Americas

'Fraudsters who stole $2m Covid benefits arrested after flaunting cash online'

A group of eight men are accused of fraudulently claiming a combined $2million in Covid relief funds and posting pictures of themselves with their ill-gotten fortune online.

The alleged fraudsters, from Brooklyn, New York, stole other people’s identities to submit unemployment claims through a benefits system that was set up to support those in need throughout the pandemic, prosecutors said on Tuesday.

Six of the eight defendants – ranging in age from 18 to 25 – have already been charged by a Brooklyn federal court with conspiracy to commit access-device fraud, documents show.

Byan Abraham, 18, Carlos Vazquez, 20, Angel Cabrera, 18, Gianni Stewart, 19, Andre Ruddock, 25, and Seth Golding, 18, are all accused of trying to cheat the benefits system.


Two of the suspects however, Armani Miller, 24, and Johan Santos, 19, are still at large and are wanted by detectives.

Four of the alleged thieves flaunted their cash on social media, posting crude pictures of themselves with large piles of cash, according to the court documents.

Photos of the suspects provided by the US Department of Justice show the men flashing the cash while revealing their identities.

According to investigators, the men stole personal information from people in the assistance program to obtain unemployment benefits. Most of the benefits acquired were funded by the ‘Covid-19 pandemic assistance’ programs.

The men allegedly funneled cash that was meant for others in the program into their own personal bank accounts, then withdrew the money at cash machines in the New York boroughs of Brooklyn and Queens.


When they were caught by police, they were found with a combined total of more than 100 Key Bank debit cards in other people’s names that they had used to make large withdrawals. Surveillance images from various banks show the men withdrawing allegedly stolen cash, the court documents state.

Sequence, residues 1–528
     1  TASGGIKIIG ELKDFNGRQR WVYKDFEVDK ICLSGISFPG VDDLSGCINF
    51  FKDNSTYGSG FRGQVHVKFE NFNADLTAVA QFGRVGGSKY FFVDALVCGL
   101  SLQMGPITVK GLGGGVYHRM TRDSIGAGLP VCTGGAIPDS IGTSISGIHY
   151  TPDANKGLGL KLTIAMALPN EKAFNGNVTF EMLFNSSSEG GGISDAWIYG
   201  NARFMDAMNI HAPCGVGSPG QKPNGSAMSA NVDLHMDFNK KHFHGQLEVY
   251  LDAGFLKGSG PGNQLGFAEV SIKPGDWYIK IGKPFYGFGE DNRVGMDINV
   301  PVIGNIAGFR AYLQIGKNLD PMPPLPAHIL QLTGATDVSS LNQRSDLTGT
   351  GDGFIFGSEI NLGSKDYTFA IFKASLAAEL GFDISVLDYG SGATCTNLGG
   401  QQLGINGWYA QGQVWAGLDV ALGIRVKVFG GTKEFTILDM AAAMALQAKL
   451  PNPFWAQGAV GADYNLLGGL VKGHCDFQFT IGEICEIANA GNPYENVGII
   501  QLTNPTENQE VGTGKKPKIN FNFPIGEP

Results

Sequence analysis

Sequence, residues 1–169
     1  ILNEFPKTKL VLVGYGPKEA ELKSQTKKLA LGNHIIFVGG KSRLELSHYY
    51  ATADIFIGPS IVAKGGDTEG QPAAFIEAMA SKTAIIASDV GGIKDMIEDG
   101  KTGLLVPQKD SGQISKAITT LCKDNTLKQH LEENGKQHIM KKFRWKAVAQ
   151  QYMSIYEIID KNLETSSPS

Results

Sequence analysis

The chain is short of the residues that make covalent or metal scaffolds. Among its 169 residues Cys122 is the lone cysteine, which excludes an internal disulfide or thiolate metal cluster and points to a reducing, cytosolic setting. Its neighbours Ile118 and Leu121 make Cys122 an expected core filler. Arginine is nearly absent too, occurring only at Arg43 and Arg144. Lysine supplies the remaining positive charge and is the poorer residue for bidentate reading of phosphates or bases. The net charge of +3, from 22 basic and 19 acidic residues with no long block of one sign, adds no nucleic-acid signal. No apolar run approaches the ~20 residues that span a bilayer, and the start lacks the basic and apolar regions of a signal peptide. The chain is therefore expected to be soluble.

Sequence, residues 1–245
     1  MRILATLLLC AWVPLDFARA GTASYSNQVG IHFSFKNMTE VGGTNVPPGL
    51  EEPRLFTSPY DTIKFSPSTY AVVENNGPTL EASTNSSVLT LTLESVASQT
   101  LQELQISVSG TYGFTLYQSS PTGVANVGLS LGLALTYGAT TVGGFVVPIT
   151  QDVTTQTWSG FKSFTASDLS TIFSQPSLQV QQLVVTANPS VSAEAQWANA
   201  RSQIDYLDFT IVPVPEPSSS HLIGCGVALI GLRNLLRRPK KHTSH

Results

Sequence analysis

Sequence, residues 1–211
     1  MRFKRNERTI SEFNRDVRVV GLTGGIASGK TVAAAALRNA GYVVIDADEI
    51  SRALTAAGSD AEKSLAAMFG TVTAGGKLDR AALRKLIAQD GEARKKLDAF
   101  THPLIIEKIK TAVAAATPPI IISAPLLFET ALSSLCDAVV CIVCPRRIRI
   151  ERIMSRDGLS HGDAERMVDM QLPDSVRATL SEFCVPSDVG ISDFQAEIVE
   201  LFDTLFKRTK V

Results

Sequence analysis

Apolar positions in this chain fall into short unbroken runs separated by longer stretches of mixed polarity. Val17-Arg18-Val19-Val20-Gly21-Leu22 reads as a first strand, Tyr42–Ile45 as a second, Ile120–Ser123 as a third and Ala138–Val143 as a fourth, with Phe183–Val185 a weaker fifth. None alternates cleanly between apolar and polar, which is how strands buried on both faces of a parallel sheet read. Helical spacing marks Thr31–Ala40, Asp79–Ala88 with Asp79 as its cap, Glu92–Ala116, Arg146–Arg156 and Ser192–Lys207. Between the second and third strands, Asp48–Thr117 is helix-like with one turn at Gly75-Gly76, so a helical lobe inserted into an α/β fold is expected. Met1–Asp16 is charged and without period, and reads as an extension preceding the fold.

The suspects apparently used the same addresses and phone numbers for multiple false claims, leading to the authorities becoming suspicious, the prosecutors said.

The scams began in June 2020 and continued until April this year. All eight defendants, including the two are not yet under arrest, are charged with conspiracy to commit access-device fraud, prosecutors said.

New York state labor commissioner, Roberta Reardon, said: ‘There is never an excuse to knowingly commit fraud and steal from a system that was designed to help New Yorkers in a time of need.


‘However, it’s even more despicable when these thieves steal a lifeline from New Yorkers in the midst of a public-health pandemic.

‘We have no tolerance for criminals, and if you break the law, you will be held accountable.’

US Postal Service inspector-in-charge, Philip Bartlett, added: ‘Unfortunately, as the government rolled out various CARES Act programs, fraudsters were at the ready to take full advantage of these programs through a variety of fraud schemes, ripping off the American public of millions in taxpayer dollars and clogging the system for those who honestly are in need.’

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